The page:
equals method tests whether two objects have equal states. For example:
someObject.equals(someOtherObject) // see figure 1
Note that testing whether two objects have the same state (that is, are equal) is different than testing whether two object references point to the same object:
someObject == someOtherObject // see figure 2
Cay Horstmann, in his classic text book Big Java (2002: John Wiley & Sons, Inc. ISBN 0-471-40248-6), illustrates this difference with the example of a
Coin class. In figure 1, two object references each point to a different object; each of the objects has an identical state.
Figure 1: Object references pointing to different objects with equal states.
In figure 2, two object references each point to the same object:
Figure 2: Object references pointing to the same object.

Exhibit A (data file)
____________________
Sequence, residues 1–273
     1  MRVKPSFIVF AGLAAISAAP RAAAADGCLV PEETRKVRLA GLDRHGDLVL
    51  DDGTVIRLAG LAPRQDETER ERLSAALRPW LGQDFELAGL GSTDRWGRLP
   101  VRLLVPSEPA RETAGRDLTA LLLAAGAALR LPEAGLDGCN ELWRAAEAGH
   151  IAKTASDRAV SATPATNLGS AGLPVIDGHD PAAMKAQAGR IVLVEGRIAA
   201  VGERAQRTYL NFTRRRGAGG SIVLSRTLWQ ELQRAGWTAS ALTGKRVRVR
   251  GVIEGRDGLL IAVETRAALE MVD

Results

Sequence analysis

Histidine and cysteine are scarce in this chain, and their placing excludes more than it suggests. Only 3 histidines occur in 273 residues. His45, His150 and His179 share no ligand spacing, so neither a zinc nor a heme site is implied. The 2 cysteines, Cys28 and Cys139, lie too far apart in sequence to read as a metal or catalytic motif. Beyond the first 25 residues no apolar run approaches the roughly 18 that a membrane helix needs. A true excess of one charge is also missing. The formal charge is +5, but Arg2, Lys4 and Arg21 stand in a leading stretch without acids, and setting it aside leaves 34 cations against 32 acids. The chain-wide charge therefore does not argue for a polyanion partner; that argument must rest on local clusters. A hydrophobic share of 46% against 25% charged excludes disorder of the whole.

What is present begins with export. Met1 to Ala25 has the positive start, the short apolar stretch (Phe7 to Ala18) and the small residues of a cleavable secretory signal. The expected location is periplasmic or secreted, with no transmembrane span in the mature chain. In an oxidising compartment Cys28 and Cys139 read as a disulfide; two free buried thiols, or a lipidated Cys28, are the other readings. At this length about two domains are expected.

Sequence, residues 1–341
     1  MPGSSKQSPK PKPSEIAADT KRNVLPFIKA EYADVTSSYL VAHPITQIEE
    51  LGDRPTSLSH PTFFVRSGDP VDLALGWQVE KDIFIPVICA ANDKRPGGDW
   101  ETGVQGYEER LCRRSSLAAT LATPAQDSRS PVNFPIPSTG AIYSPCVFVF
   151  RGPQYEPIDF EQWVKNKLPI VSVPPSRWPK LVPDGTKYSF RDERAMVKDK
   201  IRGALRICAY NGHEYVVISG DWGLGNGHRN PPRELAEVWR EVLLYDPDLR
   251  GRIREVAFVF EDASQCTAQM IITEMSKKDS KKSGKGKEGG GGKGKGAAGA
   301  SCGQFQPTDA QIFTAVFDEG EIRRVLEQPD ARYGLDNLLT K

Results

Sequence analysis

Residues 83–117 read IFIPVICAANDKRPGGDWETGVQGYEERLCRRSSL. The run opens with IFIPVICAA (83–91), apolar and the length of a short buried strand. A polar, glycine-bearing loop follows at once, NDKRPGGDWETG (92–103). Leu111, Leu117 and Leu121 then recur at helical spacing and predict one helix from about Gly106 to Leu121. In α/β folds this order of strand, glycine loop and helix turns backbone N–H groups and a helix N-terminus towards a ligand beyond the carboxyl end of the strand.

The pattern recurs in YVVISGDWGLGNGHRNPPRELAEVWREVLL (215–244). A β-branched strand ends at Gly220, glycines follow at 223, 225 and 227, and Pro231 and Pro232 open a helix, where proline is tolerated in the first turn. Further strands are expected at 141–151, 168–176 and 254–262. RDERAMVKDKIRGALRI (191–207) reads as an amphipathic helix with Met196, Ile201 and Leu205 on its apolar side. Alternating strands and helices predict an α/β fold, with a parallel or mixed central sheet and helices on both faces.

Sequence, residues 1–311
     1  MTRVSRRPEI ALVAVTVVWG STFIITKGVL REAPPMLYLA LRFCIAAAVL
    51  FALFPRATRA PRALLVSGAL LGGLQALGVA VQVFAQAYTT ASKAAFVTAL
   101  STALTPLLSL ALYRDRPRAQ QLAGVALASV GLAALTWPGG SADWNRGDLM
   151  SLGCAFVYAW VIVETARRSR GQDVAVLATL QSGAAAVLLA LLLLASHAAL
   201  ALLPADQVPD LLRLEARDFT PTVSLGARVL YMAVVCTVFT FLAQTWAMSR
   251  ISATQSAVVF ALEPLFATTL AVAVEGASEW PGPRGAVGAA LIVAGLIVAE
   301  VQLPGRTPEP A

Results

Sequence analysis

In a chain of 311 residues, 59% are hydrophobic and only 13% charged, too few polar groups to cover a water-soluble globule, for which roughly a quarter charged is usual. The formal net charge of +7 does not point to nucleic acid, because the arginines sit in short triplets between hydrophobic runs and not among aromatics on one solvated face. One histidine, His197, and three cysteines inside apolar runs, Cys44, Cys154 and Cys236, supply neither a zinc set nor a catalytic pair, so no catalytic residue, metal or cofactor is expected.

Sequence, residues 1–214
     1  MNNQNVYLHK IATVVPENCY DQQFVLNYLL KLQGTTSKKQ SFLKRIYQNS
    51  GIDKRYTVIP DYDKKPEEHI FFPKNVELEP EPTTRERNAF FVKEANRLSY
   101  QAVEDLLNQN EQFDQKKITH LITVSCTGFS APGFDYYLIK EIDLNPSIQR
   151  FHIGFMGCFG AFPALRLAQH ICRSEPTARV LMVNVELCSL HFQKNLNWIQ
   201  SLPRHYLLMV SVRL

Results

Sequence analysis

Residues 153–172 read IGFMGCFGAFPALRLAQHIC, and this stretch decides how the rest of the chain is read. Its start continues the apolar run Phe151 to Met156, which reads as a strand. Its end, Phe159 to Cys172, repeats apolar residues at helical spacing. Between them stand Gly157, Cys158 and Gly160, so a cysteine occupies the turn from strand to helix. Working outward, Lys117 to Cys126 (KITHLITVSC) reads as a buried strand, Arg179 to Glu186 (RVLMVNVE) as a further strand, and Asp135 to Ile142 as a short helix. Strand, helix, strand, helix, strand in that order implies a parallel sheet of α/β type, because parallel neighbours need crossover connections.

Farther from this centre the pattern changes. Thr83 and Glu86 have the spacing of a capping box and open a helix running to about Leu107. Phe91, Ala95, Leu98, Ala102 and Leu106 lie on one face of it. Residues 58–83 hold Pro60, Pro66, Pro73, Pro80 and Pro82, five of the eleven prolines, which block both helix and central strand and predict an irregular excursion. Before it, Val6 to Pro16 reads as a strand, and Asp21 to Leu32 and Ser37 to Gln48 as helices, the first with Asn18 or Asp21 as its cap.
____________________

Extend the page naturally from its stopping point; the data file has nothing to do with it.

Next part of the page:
Programmers are responsible for implementing the
equals method whenever they create a class whose objects might be compared. To do so, they must override the
equals method of the
Object class. Since this method takes an
Object as its parameter, it will be necessary to typecast the
Object to the class under consideration. For example, if
Coins are being compared for equality, the
otherObject parameter must be typecast as a
* Indicates whether another object has a state identical to this object’s state.
* @param otherObject the object whose state is compared to this object’s
true if the other object has an identical state; otherwise
public boolean equals(Object otherObject)
if (otherObject == null) return false;
if (this.getClass() != otherObject.getClass()) return false;
Coin other = (Coin)otherObject;
// actual comparison goes here
[This page last updated 2020-12-23 at 12h13 Toronto local time.]
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